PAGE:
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Julian Dibbell

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Dibbell in 2009

Julian Dibbell (/dɪˈbɛl/; born February 23, 1963) is an American author and technology journalist with a focus on social systems within online communities.[1]

Life and career


Dibbell was born in New York City. He grew up in Claremont, California and resides in Chicago, Illinois. His uncle is rock critic Robert Christgau, and Dibbell has also published music criticism.[2] He is a non-resident fellow of the Stanford Center for Internet and Society[3] and he previously served as George A. Miller Visiting Professor of Media at the University of Illinois at Urbana-Champaign.[4] He is also a founder of the academic gaming research blog Terra Nova.

His 1993 article "A Rape in Cyberspace"[5] detailed attempts of LambdaMOO, an online community, to quantify and deal with lawbreaking in its midst. The article was later included in his first book, My Tiny Life: Crime and Passion in a Virtual World. Dibbell has also written about Chinese gold farmers for The New York Times Magazine[6] and about griefer culture for "Wired" Magazine.[7] He chronicled his attempt to make a living playing MMORPGs in his second book, Play Money: or, How I Quit My Day Job and Made Millions Trading Virtual Loot.[8][9]

Dibbell graduated from Yale University, summa cum laude, in 1986. He graduated from the University of Chicago Law School (where he was an editor of the University of Chicago Law Review)[10] in 2014. Dibbell now practices law as an associate in the Business and Technology Sourcing practice of the global law firm Mayer Brown.[11]


  • Dibbell, Julian. My Tiny Life: Crime and Passion in a Virtual World. Owl Books, 1999. ISBN 0-8050-3626-1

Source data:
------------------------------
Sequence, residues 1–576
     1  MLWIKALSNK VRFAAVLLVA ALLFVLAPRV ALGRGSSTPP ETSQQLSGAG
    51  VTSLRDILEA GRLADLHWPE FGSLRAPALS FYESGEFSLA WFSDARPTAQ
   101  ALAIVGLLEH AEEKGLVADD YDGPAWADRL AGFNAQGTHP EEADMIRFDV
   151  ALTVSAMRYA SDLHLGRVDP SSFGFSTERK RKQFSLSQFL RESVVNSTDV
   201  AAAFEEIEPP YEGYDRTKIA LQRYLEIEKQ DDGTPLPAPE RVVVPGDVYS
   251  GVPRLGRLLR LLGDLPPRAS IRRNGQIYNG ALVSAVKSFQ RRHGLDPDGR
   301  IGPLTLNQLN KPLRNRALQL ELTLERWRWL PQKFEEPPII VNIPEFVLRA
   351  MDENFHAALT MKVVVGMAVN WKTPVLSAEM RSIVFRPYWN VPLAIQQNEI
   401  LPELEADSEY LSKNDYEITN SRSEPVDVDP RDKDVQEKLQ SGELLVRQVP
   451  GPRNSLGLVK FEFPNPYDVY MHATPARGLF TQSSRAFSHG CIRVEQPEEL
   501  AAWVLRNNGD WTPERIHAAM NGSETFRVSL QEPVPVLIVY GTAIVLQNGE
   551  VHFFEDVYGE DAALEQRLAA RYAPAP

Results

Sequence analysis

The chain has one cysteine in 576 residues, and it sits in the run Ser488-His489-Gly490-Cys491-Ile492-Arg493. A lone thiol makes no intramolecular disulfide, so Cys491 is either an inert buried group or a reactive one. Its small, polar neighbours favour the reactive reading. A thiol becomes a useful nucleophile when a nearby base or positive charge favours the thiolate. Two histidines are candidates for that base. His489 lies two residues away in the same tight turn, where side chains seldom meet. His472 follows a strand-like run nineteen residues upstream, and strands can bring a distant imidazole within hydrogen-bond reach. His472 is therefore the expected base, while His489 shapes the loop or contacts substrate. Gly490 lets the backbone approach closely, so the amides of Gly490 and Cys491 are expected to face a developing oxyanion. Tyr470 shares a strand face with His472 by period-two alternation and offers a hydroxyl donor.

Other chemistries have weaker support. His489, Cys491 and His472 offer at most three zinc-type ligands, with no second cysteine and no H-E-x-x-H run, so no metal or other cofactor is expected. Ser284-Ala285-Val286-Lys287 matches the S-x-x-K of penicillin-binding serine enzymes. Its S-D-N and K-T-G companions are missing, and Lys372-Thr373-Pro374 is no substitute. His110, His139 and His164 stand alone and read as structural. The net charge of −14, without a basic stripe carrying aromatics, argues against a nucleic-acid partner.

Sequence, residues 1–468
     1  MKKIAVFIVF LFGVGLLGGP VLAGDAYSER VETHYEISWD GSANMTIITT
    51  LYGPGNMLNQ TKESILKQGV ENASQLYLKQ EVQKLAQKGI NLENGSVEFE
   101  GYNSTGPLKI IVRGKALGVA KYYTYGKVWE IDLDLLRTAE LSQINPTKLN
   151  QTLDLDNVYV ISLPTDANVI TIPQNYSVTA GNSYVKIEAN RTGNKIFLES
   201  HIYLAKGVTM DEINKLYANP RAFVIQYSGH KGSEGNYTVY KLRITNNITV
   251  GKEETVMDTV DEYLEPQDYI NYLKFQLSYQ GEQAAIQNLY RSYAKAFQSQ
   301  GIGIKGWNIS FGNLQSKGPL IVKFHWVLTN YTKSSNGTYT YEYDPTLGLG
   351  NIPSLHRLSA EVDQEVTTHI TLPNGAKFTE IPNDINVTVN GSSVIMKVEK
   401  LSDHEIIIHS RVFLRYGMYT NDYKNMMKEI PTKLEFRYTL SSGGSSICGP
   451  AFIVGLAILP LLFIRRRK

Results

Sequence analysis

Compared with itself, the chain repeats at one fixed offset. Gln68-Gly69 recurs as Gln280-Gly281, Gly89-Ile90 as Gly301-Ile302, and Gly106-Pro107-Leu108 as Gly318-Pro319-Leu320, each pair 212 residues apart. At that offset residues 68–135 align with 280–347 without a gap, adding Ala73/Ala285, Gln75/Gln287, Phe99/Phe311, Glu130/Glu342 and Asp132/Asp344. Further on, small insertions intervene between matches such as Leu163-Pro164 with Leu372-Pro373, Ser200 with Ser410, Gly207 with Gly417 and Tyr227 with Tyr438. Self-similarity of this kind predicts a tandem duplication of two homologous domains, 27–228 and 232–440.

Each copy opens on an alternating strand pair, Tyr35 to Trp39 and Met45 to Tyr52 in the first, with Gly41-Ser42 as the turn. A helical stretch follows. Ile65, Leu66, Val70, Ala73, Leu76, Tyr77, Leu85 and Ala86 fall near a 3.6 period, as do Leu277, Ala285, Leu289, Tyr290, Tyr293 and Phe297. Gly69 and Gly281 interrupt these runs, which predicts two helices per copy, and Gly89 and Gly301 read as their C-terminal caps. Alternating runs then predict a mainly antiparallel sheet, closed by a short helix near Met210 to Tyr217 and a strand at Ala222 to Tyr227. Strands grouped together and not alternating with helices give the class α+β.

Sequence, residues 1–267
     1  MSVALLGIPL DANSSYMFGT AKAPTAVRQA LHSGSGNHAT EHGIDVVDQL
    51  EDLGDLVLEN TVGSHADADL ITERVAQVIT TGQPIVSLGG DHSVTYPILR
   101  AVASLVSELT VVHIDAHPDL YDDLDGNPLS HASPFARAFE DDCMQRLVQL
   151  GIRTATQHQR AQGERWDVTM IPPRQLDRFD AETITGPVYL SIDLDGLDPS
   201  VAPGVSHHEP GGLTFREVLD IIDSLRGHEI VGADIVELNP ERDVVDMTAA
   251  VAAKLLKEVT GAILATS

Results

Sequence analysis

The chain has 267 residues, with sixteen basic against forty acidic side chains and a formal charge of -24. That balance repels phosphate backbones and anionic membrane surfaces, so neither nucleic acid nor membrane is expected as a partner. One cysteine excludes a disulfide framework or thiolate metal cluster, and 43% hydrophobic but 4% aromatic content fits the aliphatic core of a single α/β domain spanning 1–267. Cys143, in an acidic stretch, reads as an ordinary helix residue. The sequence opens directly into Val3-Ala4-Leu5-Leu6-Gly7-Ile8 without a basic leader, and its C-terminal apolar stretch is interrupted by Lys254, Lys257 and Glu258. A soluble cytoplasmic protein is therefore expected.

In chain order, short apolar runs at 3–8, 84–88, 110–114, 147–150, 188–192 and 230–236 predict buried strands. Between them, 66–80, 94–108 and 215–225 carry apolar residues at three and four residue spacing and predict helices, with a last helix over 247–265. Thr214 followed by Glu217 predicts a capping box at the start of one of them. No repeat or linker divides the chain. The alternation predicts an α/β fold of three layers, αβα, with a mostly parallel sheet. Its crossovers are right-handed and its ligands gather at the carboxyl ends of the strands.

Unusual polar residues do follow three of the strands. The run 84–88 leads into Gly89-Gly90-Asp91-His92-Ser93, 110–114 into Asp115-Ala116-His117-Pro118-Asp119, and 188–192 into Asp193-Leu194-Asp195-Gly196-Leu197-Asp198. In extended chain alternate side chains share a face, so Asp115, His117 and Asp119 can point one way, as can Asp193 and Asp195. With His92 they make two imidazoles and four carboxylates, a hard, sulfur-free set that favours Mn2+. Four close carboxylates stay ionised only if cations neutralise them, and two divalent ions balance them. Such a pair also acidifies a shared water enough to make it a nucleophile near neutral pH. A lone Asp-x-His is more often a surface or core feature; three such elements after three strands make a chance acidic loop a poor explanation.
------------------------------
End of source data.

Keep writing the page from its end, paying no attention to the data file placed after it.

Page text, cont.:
• Dibbell, Julian. Play Money: or, How I Quit My Day Job and Made Millions Trading Virtual Loot. Basic Books, 2006. ISBN 0-465-01535-2
  • Dibbell, Julian and Clarisse Thorn. Violation: Rape In Gaming. Amazon CreateSpace, 2012. ISBN 1480077453


  1. ^ Leonard, Andrew (January 22, 1999). The unbearable realness of virtual being. Archived 2011-02-16 at the Wayback Machine Salon.com
  2. ^ Christgau, Robert (1991). Classic Rock.
  3. ^ "People: Julian Dibbell". Center for Internet and Society. Stanford University. Retrieved 2012-06-11.
  4. ^ Gudeman, Kim (25 Feb 2010). "Noted technology journalist to help bridge gap between engineers, technology users". Coordinated Science Laboratory News. University of Illinois at Urbana-Champaign. Archived from the original on 19 June 2010. Retrieved 2012-06-11.
  5. ^ Dibbell, Julian. "A Rape in Cyberspace." The Village Voice 21 Dec 1993.
  6. ^ Dibbell, Julian. "The Life of the Chinese Gold Farmer." The New York Times Magazine 17 June 2007.
  7. ^ Dibbell, Julian. "Mutilated Furries, Flying Phalluses: Put the Blame on Griefers, the Sociopaths of the Virtual World." Wired Magazine 18 Jan 2008.
  8. ^ Stamper, Dustin (19 January 2007). "Taxing Ones and Zeros: Can the IRS Ignore Virtual Economies?". Tax Analysts. Archived from the original on 24 September 2015. Retrieved 19 February 2014.
  9. ^ MONTAGNE, RENEE (February 10, 2006). "Online Gaming, Money and Tax Law". NPR. Retrieved 19 February 2014.
  10. ^ "The University of Chicago Law Review Vol. 81 Masthead" (PDF).
  11. ^ "Mayer Brown Law Firm PRofile".